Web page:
Midseason Review: Hitting

Monday, July 02 2012 @ 10:25 PM EDT

Contributed by: Anders

We're pretty close to mid-season, and since I didn't feel like Advance Scouting the Royals, let's review the Jays offense over the first half of the season (all numbers prior to Monday's game, except where noted).

The Jays are third in baseball in runs scored, second in home runs and tied for sixth in wOBA. They've been a bit lucky in terms of converting baserunners into runs, but this is still a pretty decent offense, obviously. Their OBP is a point ahead of the AL average, at .320, and they obviously fare a lot better in slugging, .432 vs. a .410 average in the AL. These numbers subjectively seem bad, but hitting still hasn't really recovered back to the pre-2010 days. Hitting is up slightly over last year so far, and a notch behind 2010, when it fell off a cliff (average MLB OPS in 2009: .750. Average OPS this year: .723).

Random Tangent: the Jays have turned over their lineup almost completely, and yet somehow are still a slug-heavy, walk-little team. In their 2010 season where they hit the 4th most HRs ever the team OBP/SLG was .312/.454 (vs. again, .320/432 this year). Interestingly (or not), they were also 6th in wOBA that year, although this year they fare slightly worse relative to league. Back to our tangent: the only players back from that 2010 team are Jose Bautista, Edwin Encarnacion, half of Yunel Escobar (he's still whole, I mean he just played half that season as a Jay) and Adam Lind, who has only played half of this season. JPA had a couple dozen at bats that season too, but doesn't really count for the purposes of this exercise. So the team brought back the high OBP guys - Encarnacion and Bautista are 1-2 in OBP for the Jays this year - and yet the team's OBP is still relatively poor. And it's not like the Jays are purposefully replacing them with a bunch of hackers, Arencibia aside. The guys Toronto has brought in have generally posted strong historical OBP numbers, Yunel Escobar in particular, but Kelly Johnson, Brett Lawrie in the minors, and Colby Rasmus, sort of. And yet their OBP is still pretty bad. I guess ~550 plate appearances from JP Arencibia, Adam Lind and Eric Thames will do that.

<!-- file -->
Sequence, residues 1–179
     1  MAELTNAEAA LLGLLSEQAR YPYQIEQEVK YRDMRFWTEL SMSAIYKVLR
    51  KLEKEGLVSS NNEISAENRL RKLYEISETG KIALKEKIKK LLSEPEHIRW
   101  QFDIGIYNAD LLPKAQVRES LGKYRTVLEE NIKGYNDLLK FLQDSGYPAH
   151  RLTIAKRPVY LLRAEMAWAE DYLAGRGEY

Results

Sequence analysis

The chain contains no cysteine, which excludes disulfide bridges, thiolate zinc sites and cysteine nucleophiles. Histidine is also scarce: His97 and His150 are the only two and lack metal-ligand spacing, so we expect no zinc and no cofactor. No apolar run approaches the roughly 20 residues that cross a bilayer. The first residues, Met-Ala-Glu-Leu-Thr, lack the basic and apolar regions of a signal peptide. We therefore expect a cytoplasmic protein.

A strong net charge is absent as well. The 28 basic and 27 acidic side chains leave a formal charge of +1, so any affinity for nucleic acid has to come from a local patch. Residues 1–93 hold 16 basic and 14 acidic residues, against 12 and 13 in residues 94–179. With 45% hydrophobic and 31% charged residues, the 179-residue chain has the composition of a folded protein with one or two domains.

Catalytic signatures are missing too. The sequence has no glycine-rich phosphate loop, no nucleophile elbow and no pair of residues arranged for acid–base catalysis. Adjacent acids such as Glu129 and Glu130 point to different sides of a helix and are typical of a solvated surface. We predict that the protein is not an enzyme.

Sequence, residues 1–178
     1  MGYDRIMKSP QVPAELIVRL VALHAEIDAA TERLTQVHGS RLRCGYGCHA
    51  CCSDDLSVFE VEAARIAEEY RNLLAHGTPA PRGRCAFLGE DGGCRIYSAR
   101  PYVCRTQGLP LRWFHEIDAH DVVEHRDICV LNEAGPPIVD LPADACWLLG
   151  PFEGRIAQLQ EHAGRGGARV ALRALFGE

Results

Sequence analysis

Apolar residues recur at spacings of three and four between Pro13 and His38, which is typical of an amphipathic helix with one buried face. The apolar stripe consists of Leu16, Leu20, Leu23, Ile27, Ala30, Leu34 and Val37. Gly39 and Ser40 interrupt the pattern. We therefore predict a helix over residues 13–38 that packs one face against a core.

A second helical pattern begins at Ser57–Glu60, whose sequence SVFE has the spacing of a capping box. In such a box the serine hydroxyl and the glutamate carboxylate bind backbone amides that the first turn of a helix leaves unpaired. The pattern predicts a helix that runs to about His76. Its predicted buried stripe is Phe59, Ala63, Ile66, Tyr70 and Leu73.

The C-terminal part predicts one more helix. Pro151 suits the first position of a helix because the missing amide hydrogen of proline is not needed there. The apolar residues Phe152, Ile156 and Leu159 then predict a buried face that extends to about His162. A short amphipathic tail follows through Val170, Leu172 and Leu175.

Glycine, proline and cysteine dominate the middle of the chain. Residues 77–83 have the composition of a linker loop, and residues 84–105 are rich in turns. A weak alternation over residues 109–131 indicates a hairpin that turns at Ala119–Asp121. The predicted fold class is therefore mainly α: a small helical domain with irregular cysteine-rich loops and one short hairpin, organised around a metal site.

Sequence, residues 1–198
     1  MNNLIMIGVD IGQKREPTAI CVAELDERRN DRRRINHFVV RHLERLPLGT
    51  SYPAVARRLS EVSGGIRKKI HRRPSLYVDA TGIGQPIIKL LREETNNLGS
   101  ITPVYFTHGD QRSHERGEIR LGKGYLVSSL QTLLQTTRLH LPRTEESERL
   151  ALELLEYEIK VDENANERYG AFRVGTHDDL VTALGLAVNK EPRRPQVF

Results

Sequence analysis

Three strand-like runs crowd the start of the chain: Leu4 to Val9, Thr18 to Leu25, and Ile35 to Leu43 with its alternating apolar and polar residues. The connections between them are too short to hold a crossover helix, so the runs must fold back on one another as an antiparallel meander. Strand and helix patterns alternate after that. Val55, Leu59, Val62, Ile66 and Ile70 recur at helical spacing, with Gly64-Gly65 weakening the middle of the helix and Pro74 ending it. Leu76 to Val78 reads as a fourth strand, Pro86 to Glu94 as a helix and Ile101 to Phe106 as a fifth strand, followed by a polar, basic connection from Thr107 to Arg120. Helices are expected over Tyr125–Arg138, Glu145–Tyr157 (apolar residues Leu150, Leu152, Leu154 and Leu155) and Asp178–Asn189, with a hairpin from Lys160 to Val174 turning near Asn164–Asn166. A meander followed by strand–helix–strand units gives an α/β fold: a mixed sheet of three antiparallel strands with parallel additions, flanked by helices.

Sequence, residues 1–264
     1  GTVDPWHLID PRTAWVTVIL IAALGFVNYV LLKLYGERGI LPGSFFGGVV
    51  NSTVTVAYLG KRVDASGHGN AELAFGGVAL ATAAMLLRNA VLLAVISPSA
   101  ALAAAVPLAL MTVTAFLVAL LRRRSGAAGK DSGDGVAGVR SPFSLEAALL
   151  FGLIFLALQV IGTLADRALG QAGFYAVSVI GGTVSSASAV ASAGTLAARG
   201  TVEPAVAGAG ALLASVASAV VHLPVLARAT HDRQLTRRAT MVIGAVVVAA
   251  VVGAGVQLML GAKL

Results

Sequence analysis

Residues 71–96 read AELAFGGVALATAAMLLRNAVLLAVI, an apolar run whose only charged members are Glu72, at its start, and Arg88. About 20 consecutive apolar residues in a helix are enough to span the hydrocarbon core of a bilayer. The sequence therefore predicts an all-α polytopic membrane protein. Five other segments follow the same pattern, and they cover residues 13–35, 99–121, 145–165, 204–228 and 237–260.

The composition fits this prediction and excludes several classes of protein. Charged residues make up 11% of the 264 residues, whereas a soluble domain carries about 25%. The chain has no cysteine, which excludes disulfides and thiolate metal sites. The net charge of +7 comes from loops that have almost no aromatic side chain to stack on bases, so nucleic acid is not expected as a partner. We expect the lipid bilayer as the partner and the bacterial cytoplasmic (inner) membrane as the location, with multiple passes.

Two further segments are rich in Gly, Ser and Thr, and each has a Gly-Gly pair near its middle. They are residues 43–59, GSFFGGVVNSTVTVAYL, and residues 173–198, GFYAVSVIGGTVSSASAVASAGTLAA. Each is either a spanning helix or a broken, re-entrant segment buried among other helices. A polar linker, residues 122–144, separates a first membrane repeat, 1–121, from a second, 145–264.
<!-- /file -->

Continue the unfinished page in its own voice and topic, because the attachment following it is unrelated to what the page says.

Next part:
Let's take a couple of minutes and look at what the position players are doing. I'm mostly interested in what this means going forward, both for the rest of the year, and for the 2013 and beyond Jays.

Catcher: .229/.273./.440 (.247/.315/.398)

The first number is the Jays catchers' numbers, the second the ML average for the position. JP Arencibia has gotten the bulk of the duty, posting a .224/.263/.414 line in 248 PA. Jeff Mathis is out Arencibiaing Arencibia, at .234/.290/.484 in 71 PA. Both players strikeout rates are atrocious, with JPA a tick under 30%. It's the 4th worst rate in the majors amongst qualified players, and the hitters he trails, Adam Dunn, Mike Napoli and Pedro Alvarez, all walk at least twice as much and hit for significantly more power.

Before Travis d'Arnaud was injured there was a lot of talk about what would happen to Arencibia if (when) he got overtaken. My best guess is: basically nothing. Not to be cruel, but JPA is, well, not very good. His bat isn't going to play at another position - in 771 major league PAs, Arencibia has a wOBA of .299 (.217/.271/.425). You can interpret that as generously as you want. Okay, you can't. It's bad. Interpretations of Arencibia's defense also vary, but few consider it a large asset. At this point Arencibia is probably a 1 win player, going into his age-27 season next year, so someone might want to take a flyer on him, but I think reality is starting to set in - he's a good backup or a bad starter, and I can't imagine the Jays are eager to take a .270 OBP from any slot in the lineup if they ever decide to actually try and go for it.

First Base: .251/.327/.478 (.254/.329/.431)

Edwin Encarnacion has an OPS of an even 1.000 (.305/.390/.610) as a first baseman this year, but more than half of his at bats have come at DH (where he rates .100 points worse. This is almost certainly random, FYI), so we'll look at him there I guess.  Adam Lind has almost the same number of PA (131 vs. 136) but is hitting .194/.280/351 overall, so you can see why the positional number isn't higher (it still ranks 9th in terms of OPS). David Cooper has 44 pretty decent PA at 1st, while Yan Gomes has 19 pretty awful ones.